April 1, 2012
In the Spotlight with Wendy Thompson
On the second floor of the AFL-CIO building in downtown Washington, DC is the office of Gregory Cendana, the director of the Asian Pacific American Labor Alliance (APALA). His workplace is busy, laden with the mementos from the past year—an eventful one for the 25-year-old. He was elected in early March as a DC delegate to the Democratic National Convention, earning the most votes of anyone, including former Washington, DC mayor and current DC Councilman Marion Barry. Barry, who also ran on the ballot, took second place.
With the campaign over, the buttons, pencils, pamphlets and pictures from the successful election now scattered about Cendana’s office are metaphors for the young politician, whose unlikely rise to success in Washington is further enriched by his remarkable background.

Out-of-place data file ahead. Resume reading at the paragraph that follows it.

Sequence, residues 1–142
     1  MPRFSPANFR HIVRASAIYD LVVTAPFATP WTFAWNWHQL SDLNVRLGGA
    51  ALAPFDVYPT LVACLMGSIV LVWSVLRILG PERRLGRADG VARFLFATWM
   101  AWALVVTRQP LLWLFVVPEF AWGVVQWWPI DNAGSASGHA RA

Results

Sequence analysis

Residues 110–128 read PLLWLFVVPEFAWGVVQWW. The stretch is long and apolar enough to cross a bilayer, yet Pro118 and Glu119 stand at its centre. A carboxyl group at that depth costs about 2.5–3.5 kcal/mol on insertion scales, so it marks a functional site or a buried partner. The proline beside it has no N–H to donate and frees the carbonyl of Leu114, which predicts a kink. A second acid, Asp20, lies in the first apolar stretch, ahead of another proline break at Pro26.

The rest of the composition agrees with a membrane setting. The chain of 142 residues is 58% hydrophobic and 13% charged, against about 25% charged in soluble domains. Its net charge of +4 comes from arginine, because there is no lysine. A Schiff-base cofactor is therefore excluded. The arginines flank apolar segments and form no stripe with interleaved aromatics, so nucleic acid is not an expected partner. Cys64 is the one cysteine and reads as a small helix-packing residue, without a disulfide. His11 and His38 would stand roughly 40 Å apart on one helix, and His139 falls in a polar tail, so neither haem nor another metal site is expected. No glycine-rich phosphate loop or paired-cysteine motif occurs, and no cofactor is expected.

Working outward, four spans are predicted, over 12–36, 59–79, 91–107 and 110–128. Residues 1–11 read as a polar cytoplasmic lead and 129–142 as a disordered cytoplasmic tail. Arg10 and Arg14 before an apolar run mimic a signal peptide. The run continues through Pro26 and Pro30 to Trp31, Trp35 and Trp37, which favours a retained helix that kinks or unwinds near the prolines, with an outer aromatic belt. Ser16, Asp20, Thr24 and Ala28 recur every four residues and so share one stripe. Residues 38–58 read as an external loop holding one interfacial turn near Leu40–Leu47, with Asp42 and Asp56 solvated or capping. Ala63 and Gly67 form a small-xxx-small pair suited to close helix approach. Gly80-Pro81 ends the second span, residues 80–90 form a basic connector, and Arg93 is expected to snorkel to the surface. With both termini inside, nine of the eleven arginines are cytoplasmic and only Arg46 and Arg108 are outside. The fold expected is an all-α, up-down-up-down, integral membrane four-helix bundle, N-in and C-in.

Cendana was born and raised in California, the son of Filipino immigrants who lived on a military base outside Sacramento. He attended school at UCLA, where he was voted vice-president of the student body, only moving to Washington, DC four years ago upon graduation.
Cendana is openly gay as well as the first Filipino to ever hold the title of delegate in DC history. He is also the first Asian-American to be elected in any position in nearly a dozen years and the youngest delegate elected this year. He credits his success largely to his parents, who allowed him the opportunity to thrive as a youth.
“It’s a very humbling experience that my parents sacrificed a lot to ensure that I have the chance at the opportunities that we have today,” Cendana said.
In the race for the delegate seat, Cendana secured 187 votes in Ward One to guarantee a spot in the convention, outlasting Barry. Cendana and Barry finished first and second, respectively, in Congressional District 1 (which consisted of Wards 1, 2, 6 & 8 and represent two of the 14 delegates chosen from a ballot of 87).